Peter stared at the glowing coals when he swallowed his last bite of fish. He looked up at Jesus as his Rabbi was pointing out at the water while talking to John. The elongated hole in His wrist served as a strong reminder of the sacrifice Jesus fulfilled.
Peter stared back at the coals and re-lived the night he distanced himself from the Messiah at another fire. He shivered. Will I ever amount to anything? Jesus said I’d be a rock when He first saw me. But all I’ve done is make a fool of myself, repeatedly. My wet clothes are yet another reminder of how stupid I am. I should be as dry as the others are now.
“Simon, son of John, are you wholeheartedly in love with Me more than these?” Jesus was facing the soggy fisherman when Peter looked up.
The air totally left Peter’s lungs at the first word. He isn’t even calling me Peter anymore. I’ve obviously disappointed Him more than He wanted. I must be honest in my response. “Yes, LORD, You know I’m quite fond of You.”
Jesus’ glare peered into Peter’s soul. “Feed My lambs.”
Peter looked back at the fire. Feeding lambs isn’t hard, just keep the little buggers with their mommas.
Jesus wasn’t done. “Simon, son of John, do you wholeheartedly love Me?”
Peter looked into those always-peaceful eyes of Jesus. No comparisons this time, just one-on-one, but I’m still not ready for that. “Yes, LORD, You know I’m very fond of You.”
Jesus leaned forward. “Shepherd My sheep.”
Peter pushed back from the fire. He taught us that the shepherd owns the sheep to the extent that he’ll lay his life down for them. Does He really think I’m ready for that? What is He asking for? I’m too frail for that.
Jesus stood. “Simon, son of John, are you fond of Me?”
A tear ran down Peter’s cheek as he stood. “LORD, You know all things; You know that I’m fond of You.”
Jesus held out His hands. “Feed My sheep.”
Translating between languages is a complicated business. English has certain limitations that Greek doesn’t. The word love is a prime example. As English speakers we can love our spouse, children, pets, food, cars, etc. There’s differing levels of love, but only one word for the affection. Greek uses different words for love to express the various levels of the emotion.
I’m grateful to Chuck Swindoll’s book JESUS, THE GREATEST LIFE OF ALL for pointing out the use of the different Greek words used in this passage of scripture. Jesus used the word agape in the first two questions to Simon. Agape is the deepest form of love. It’s a hold-nothing-back give-it-all-you’ve-got affection that’s reserved for only the closest of relationships.
Phileo is the word that’s translated as love in the rest of the conversation. Phileo is a level of affection that is shared between siblings. There’s a bond there, but there’s also limits that keep it from going to only a certain depth. It’s the root of the name Philadelphia: the city of brotherly love.
That’s why I took poetic license to change the words in my post to reflect these differences. Hopefully you can better understand what actually happened here. Jesus was testing Peter’s integrity while checking his heart at the same time. Now that you know this go back and read the narrative again.
So, why did Jesus ask Peter the same basic question three times? Remember how many times Peter denied Jesus on the night of Jesus’ arrest. That’s more than a coincidence. Jesus wanted Peter to know that he was forgiven for each of those discrepancies by countering those three with three opportunities to affirm his love to Jesus.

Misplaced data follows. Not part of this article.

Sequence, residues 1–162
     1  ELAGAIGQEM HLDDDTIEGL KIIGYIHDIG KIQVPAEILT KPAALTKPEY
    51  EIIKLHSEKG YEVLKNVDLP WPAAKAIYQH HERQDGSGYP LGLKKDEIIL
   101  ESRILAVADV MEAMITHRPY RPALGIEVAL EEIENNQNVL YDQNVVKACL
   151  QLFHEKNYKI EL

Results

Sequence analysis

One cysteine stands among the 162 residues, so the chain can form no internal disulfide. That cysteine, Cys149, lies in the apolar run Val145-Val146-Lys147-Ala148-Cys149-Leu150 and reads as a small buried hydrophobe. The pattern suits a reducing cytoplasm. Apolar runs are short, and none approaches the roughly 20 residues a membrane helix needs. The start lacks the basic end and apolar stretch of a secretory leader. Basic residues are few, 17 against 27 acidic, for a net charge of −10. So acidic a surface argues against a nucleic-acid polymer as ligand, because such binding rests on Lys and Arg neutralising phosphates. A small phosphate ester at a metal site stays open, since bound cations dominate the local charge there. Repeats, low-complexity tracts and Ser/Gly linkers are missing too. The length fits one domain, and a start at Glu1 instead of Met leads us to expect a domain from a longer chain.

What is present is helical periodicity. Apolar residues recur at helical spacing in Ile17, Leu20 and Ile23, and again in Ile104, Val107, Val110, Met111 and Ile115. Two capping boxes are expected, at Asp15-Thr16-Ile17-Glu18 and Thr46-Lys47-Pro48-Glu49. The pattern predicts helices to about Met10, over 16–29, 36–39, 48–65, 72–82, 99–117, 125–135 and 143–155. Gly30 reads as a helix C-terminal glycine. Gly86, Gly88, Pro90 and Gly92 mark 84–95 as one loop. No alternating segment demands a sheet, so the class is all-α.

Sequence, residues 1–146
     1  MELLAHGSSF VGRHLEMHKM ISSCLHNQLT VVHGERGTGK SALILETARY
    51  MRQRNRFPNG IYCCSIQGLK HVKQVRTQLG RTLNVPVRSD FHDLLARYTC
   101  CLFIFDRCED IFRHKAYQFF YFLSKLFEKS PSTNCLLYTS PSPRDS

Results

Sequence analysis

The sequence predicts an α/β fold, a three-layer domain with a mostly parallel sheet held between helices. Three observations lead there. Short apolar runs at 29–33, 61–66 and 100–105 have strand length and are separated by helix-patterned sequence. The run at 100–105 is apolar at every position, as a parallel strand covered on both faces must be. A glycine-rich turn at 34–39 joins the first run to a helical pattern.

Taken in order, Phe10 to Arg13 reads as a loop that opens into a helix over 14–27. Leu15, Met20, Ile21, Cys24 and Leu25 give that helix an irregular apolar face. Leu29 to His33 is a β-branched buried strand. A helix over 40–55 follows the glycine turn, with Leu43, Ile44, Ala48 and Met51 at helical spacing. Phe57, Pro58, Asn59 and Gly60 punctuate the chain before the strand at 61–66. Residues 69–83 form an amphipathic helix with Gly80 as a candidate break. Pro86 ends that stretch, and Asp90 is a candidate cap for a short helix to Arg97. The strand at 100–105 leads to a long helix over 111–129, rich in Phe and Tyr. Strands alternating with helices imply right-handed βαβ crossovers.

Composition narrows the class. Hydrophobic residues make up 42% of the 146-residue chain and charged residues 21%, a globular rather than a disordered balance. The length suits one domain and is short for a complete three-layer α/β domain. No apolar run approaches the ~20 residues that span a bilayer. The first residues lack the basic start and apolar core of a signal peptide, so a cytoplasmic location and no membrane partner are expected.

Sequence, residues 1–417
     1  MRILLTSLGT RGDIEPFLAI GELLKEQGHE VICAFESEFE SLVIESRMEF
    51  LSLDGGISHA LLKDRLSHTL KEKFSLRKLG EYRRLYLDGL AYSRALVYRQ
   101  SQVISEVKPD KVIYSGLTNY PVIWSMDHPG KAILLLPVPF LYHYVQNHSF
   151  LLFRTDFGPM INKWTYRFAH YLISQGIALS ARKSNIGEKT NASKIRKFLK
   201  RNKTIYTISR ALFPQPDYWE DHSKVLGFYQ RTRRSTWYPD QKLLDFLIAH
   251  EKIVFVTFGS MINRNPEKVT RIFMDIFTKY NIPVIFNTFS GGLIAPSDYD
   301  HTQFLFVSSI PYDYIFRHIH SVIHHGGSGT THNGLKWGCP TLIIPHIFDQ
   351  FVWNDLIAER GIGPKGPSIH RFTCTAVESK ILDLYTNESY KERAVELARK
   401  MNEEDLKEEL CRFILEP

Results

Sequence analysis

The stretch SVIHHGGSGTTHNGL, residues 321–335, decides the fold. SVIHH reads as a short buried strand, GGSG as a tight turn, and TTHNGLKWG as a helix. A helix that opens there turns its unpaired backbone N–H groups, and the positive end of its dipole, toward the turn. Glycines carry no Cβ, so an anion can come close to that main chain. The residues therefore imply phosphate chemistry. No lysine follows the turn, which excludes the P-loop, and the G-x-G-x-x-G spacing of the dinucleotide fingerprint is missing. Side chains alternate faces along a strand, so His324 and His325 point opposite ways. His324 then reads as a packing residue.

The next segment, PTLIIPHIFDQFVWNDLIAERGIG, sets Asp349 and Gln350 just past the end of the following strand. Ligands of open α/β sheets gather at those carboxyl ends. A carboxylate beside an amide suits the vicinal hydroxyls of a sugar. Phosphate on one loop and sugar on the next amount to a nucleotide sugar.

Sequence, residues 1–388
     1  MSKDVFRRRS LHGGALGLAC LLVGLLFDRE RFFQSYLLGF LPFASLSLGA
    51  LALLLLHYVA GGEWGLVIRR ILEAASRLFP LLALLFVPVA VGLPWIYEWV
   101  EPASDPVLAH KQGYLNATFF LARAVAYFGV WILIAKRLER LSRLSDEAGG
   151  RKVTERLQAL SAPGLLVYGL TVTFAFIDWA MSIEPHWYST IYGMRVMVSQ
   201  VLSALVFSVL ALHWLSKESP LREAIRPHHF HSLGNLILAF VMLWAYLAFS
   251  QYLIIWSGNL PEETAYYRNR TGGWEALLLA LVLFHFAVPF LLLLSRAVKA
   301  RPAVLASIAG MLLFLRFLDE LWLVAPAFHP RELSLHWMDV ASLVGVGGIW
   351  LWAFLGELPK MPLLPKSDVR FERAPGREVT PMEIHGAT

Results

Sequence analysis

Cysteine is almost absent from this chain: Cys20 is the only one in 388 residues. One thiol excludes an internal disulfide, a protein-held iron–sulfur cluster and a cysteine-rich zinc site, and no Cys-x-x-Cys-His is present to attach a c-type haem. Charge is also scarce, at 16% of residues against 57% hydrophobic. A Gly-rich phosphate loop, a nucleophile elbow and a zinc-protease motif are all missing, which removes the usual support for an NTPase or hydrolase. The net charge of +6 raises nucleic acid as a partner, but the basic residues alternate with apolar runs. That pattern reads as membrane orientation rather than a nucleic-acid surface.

Why was the first question phrased so differently than the others? “Do you love me more than these?” I think the pronoun ‘these’ stood for many things: 1) the men seated around the fire, 2) the surroundings of lake and boats, and 3) the fish that were just caught. In effect Jesus was asking Peter if he was willing to leave all of his old life behind if Jesus asked him to. Are you?
Oooh… I had to go there. Didn’t I? Yeah, I’ve learned to follow the leading of the writing to make God’s point. This isn’t the first time God has asked this of His followers. Remember the Hebrews who came out of Egypt. The real reason they wandered in the wilderness for forty years while the older generation died off was because the old folks had a dual citizenship, their hearts were divided.
Remember how many times they asked, no, demanded, to be taken back to Egypt when things got tough? Too many, that’s why they weren’t fit to enter the Promised Land. God needs people with hearts of undivided devotion to carry out His mission. The younger generation of Hebrews knew nothing of the leaks and onions that their parents did. They only knew of the daily provision God miraculously supplied them.
Heart check time! Do you wholeheartedly hold-nothing-back give-it-all-you’ve-got LOVE Jesus?
If you’re not quite there Jesus can still use you. He uses those people everyday. But, He longs for each of His followers to get to that point in their relationship with Him. Are you striving to get to that level of commitment?
What things are holding you back? Which of your friends or acquaintances are you trying to please more than you’re trying to win over to Jesus? What is eating your time so you don’t have enough of it to spend in solitude with God and His open Word? Where is your money going instead of being used to further the work of God’s Kingdom?
Not exactly your feel-good prosperity-and-blessing message here. Is it? I can’t help it. It’s Jesus’ message, not mine.
Keep in mind the first time this conversation took place there was the smell of fish in the air.
I’ll see you later. Wade